During an astonishing 19-year follow up, 24% of the subjects had a first fracture – 6% of the hip. An analysis of 5,022 subjects that were part of a study subgroup found that 20% of them had developed mobility robbing osteoporosis.

Study lead Eva Warensjo, a researcher from Uppsala University, and her team saw that those who took in almost 750 mg of calcium per day had the least fracture risk. But those who consumed over that 750 mg a day mark had no further drop in their risk for either fracture or osteoporosis. In fact, the hazard ratio of 1.19 showed a higher risk of fracture in these women.

The costs (in terms of both dollars and patient suffering) of broken bones are high.

For the present, experts continue to debate how much daily calcium intake is right for anyone over 50, and the recommendations are varied, depending on where you live. In the United States, 1,200 mg of calcium per day for women 50 and older is recommended, while in the U.K., the number is nearly half that, at just 700 mg a day. Scandinavia is 800 mg per day, and Australia suggests 1,300 mg of calcium daily.

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When It Comes To Calcium, More Isn’t Better… Continued…

Wherever you live, women should be aware of the issue and how much calcium they should be getting. If you have a low intake of calcium, do what you can to increase it. For those who are getting enough, make no change in terms of calcium intake.

President of the National Osteoporosis Foundation, Dr. Robert R. Recker, agrees that the benefit of daily calcium does level off at some point. He suggests that 1,000 to 1,200 mg each day is a good place to start, as this accounts for daily variations of intake. Look to your diet for as much calcium as you can, and only consider supplements if you’re not getting enough from what you eat.

When it comes to supplements understand that the body can only absorb calcium under certain circumstances. They must be taken with food as this increases the body’s ability to absorb the nutrient by about 10%.

You’ll want to spread your calcium intake (from diet or supplements) throughout the day, in smaller 500 mg increments as smaller amounts are better absorbed than one or two larger ones.

Lastly, be aware of your vitamin D levels, as this nutrient plays a key role in how much calcium your bones truly absorb, and try to keep to 400 to 800 international units per day. The findings of the study call for more work on elevated calcium levels, and are observational rather than pointing out cause-and-effect. The report appears in the online edition of BMJ.

Silent Stroke Risk Reduced By Moderate Intensity Exercise

New research finds that those who keep up moderate intensity exercise as they get older may be less likely to develop the tiny brain lesions that are also known as “silent” strokes. These strokes are so named because at the time they happen, no one knows it, the patient just doesn’t have the symptoms of a major stroke. There’s no severe headache, speech problems, dizziness or paralysis.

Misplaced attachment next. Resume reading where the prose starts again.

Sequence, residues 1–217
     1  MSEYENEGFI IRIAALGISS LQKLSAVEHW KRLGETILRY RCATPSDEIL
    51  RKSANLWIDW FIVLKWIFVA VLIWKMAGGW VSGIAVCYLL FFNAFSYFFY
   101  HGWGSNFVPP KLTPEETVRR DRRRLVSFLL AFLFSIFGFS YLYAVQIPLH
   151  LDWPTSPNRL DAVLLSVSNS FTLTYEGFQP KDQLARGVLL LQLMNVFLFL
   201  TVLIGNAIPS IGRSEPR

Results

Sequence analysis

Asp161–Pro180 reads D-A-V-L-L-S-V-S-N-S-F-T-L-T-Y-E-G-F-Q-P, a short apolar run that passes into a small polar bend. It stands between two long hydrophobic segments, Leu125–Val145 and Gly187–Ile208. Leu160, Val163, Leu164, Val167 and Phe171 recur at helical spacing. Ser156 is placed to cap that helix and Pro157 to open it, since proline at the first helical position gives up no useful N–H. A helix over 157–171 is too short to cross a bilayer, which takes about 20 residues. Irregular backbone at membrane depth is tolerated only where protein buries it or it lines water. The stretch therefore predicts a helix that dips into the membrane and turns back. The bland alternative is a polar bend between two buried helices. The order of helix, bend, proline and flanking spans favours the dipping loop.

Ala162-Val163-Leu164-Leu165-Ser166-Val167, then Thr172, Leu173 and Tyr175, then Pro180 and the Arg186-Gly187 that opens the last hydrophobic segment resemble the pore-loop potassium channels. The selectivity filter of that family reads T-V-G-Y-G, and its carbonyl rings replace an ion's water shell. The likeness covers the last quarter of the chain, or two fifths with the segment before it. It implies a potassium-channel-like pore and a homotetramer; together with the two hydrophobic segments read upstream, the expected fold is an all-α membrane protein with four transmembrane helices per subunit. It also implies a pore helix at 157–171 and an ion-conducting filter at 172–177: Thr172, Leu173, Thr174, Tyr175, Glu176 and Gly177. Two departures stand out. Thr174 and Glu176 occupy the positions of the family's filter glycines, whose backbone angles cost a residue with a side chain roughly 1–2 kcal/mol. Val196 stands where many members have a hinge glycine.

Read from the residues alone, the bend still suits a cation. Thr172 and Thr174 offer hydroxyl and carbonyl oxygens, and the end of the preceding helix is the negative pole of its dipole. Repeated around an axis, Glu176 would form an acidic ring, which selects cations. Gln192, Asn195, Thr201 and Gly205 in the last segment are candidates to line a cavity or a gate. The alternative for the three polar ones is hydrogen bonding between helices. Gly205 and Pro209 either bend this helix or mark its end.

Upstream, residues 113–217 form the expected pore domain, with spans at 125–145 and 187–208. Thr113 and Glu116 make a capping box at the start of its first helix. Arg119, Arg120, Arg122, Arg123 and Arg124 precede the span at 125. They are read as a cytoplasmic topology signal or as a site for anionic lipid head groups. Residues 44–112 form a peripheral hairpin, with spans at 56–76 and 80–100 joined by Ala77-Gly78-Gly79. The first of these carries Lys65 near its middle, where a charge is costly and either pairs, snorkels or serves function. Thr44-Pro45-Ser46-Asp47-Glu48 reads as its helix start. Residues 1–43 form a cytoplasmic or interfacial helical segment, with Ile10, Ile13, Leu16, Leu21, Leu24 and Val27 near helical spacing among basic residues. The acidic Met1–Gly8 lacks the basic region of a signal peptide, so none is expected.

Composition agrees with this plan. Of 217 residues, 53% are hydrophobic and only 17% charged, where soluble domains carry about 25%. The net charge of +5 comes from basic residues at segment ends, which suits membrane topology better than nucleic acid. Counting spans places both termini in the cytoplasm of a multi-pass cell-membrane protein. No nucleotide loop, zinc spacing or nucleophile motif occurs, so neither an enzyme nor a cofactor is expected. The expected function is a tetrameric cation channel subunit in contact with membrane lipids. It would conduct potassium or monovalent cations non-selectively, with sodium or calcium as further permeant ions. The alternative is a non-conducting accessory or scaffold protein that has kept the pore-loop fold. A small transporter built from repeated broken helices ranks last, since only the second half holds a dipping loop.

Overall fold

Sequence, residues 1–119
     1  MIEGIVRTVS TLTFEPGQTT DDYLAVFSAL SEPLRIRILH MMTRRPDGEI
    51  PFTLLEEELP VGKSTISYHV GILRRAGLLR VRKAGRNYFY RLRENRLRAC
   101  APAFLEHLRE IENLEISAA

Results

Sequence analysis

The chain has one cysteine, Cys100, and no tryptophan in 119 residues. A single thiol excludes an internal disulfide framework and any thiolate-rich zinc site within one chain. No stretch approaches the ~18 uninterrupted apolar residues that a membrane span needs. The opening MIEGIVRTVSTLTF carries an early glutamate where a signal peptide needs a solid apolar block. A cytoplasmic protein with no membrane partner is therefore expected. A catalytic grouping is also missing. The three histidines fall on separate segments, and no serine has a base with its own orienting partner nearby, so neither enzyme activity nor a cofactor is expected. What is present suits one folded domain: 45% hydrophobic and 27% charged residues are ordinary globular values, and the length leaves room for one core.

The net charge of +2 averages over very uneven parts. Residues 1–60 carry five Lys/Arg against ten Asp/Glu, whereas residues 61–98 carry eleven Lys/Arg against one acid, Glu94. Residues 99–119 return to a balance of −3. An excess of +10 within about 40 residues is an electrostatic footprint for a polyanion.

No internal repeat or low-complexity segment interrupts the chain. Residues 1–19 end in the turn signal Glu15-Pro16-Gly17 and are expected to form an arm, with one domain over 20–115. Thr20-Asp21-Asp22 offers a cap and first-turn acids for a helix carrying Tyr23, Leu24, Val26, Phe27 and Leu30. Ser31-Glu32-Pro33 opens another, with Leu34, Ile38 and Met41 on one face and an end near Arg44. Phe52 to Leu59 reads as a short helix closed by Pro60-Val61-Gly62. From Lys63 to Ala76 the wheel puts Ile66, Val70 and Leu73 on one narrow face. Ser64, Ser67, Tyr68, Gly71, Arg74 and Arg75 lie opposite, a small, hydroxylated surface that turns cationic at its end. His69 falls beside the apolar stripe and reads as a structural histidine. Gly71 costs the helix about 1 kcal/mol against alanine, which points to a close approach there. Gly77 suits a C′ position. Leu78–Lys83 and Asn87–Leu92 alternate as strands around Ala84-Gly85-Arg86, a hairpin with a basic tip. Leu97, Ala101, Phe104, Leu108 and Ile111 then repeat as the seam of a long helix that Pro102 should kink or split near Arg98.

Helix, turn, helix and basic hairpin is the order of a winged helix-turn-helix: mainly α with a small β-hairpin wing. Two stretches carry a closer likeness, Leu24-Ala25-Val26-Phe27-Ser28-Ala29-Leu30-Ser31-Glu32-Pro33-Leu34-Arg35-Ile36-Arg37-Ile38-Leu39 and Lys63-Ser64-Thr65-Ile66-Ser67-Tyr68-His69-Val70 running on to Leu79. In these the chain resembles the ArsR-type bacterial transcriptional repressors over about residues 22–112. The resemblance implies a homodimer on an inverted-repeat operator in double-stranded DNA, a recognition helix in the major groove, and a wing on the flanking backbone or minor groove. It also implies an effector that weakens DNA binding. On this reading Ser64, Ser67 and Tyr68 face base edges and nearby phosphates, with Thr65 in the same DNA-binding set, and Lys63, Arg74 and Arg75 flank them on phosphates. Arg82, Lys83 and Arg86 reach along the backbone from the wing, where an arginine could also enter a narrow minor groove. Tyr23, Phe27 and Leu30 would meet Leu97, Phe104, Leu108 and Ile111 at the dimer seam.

Though unseen, doctors know that these strokes are dangerous – they’ve been associated with an increased risk for falls, impaired mobility, memory problems and even dementia itself, as well as upping the risk for a bigger, more visible stroke.

Regular exercise has been found to offer some protection against the more clinically evident stroke, the one we all would recognize, but the role of being active when it comes to “silent” stroke has not been well researched. Until now.

This most recent study included almost 1,200 older subjects taken from the Northern Manhattan Study who had no stroke history, and were 55 and older when they entered the program. They all filled out a detailed questionnaire on how often and how intensely they exercised, using the two weeks just past as a guide.

Six years later the participants (average age now 70) underwent an MRI (magnetic resonance imaging) of the brain. The scans found that 197 of the subjects (16%) had the tiny brain lesions that indicate they’d had a “silent” stroke.

Those who said they’d engaged in moderate to intense exercise were found to be 40% less likely to have dangerous brain lesions than those who didn’t do any exercise at all. This held true even after the team of researchers from Columbia University and the University of Miami accounted for other risk factors for stroke – things like high cholesterol or high blood pressure.

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Cut Risk of “Silent” Stroke With This… Continued…

Doing light exercise on a regular basis… golf, bowling, dancing or walking didn’t have an impact on “silent” stroke risk, a surprising finding even for study author Joshua Willey of Columbia. Of course that’s not to say these activities don’t bring a health benefit, they most certainly do. And they add pleasure to life, which is no less important. It may simply be that to get the full benefit in terms of “silent” stroke, a certain level of intensity must be achieved.